PyDev of the Week: Jaime Buelta

This week we welcome Jaime Buelta (@jaimebuelta) as our PyDev of the Week! Jaime has written several books on automation with Python as well as on Docker. You can see some of his books over on Amazon.

You can also catch up with Jaime by visiting his website.

Let’s spend a few moments getting to know Jaime better!

Can you tell us a little about yourself (hobbies, education, etc):

I am a Spanish developer currently working as Software Architect in Double Yard, Dublin in projects bringing AI solutions to the educational world, which is an interesting challenge. I’ve been in tech for the last 20 years and worked in many industries, including aerospace, financial or gaming industry. I got a break for a couple of years where I set up a comic book store, which only lasted a couple of years.

I got a degree in telecommunications engineering in Alcalá de Henares University, near my hometown in Madrid. In Spain this degree was the traditional way to get into computer sciences, in a similar way that in other universities was through electrical engineering. Since I got my first computer, a ZX Spectrum, I’ve always been interested in computers.For my first professional years I was mainly developing in C, which is a great way of being frustrated while you learn how the machine works.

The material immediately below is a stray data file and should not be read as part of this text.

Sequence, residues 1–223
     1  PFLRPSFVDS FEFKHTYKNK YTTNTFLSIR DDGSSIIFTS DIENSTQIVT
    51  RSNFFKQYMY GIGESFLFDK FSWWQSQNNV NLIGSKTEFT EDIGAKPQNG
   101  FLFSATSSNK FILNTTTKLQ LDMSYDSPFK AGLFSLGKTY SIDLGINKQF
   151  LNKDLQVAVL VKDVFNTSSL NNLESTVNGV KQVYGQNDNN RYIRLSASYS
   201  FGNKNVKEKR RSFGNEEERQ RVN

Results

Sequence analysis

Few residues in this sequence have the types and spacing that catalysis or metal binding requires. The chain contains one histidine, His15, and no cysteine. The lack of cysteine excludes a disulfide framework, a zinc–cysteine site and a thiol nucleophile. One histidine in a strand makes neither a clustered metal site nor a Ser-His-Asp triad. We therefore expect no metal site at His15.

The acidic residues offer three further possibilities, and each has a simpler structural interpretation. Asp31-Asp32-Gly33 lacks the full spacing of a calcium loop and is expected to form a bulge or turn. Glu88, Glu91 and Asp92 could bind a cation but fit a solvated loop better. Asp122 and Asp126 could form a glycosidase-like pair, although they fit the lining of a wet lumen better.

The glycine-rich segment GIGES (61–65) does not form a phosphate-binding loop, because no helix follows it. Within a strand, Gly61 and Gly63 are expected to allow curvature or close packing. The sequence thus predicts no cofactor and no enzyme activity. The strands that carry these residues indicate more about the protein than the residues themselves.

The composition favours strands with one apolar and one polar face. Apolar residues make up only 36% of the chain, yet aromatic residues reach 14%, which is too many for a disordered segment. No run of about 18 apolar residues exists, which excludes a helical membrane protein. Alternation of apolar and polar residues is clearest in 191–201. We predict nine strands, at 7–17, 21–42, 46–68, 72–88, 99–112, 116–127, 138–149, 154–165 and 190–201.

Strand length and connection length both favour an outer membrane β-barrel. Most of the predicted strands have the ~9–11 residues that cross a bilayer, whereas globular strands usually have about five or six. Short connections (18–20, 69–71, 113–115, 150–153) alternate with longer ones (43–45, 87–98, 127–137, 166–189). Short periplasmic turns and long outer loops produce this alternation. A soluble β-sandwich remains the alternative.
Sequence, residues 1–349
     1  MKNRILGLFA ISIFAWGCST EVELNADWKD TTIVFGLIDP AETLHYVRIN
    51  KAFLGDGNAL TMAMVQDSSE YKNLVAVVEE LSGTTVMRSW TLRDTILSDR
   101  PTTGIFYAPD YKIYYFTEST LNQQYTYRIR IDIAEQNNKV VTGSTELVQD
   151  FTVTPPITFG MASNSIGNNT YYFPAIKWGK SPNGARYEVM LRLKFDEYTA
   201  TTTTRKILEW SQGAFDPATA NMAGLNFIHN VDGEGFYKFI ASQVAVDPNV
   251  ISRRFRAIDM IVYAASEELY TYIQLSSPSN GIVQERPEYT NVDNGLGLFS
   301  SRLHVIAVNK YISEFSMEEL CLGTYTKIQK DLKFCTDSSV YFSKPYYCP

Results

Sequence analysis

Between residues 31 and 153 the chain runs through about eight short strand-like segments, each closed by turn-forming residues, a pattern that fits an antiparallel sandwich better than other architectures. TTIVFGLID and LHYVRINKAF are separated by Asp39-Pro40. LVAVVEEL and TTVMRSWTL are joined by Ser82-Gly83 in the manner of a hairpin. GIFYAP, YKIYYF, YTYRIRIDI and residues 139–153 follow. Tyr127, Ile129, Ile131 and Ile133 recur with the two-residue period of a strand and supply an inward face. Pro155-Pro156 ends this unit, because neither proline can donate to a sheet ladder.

About hobbies, I play the guitar, though not as often as I used to. I am recently trying to get into making podcasts, a medium that I think is really interesting and I’ve been a long time fan. I also like very unsurprising things for a developer like Star Trek. What can I say? I guess I’m such a geek!

Why did you start using Python?

I started learning Python around 2008. It started more as a side project, I was looking for a new language to learn, tried a bit of Java because of my work, but I didn’t like it. I had heard a lot of nice things about Python, and I started learning in my spare time. My first Python code was pretty much “C written with Python syntax”

I really loved it, and started introducing it to more and more things in my job. One of the first things that I was able to do was pretty crazy macros inside Open Office (now Libre Office), which has an internal Python interpreter. The code was truly crazy, and probably much worse to what I would write today, I was experimenting a lot with the capacities of Python, but I was able to do a lot of data processing with spreadsheets.

I got so interested in it that I started looking for jobs that will allow me to work full time as a Python developer, which I did in 2010 when I moved to Dublin. And since then it has been the main language that I’ve used professionally. Still loving it!

What other programming languages do you know and which is your favorite?

C still has a place in my heart, though I haven’t used it much in recent years. I’ve done my fair bit of bash and Javascript and also used more sparingly languages like Ruby or Erlang. These days, using Kubernetes, feels like YAML files are their own language.